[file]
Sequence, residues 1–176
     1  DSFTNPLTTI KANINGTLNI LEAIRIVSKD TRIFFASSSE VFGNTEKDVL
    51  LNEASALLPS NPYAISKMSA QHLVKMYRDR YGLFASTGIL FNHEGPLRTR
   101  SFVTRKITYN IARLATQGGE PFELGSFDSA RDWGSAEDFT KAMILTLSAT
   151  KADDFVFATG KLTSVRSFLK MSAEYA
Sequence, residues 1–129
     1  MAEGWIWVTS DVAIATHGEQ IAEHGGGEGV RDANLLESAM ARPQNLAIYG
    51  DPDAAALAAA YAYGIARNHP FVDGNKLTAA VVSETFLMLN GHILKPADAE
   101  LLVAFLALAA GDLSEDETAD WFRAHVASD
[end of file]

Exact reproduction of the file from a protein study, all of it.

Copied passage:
Sequence, residues 1–176
     1  DSFTNPLTTI KANINGTLNI LEAIRIVSKD TRIFFASSSE VFGNTEKDVL
    51  LNEASALLPS NPYAISKMSA QHLVKMYRDR YGLFASTGIL FNHEGPLRTR
   101  SFVTRKITYN IARLATQGGE PFELGSFDSA RDWGSAEDFT KAMILTLSAT
   151  KADDFVFATG KLTSVRSFLK MSAEYA
Sequence, residues 1–129
     1  MAEGWIWVTS DVAIATHGEQ IAEHGGGEGV RDANLLESAM ARPQNLAIYG
    51  DPDAAALAAA YAYGIARNHP FVDGNKLTAA VVSETFLMLN GHILKPADAE
   101  LLVAFLALAA GDLSEDETAD WFRAHVASD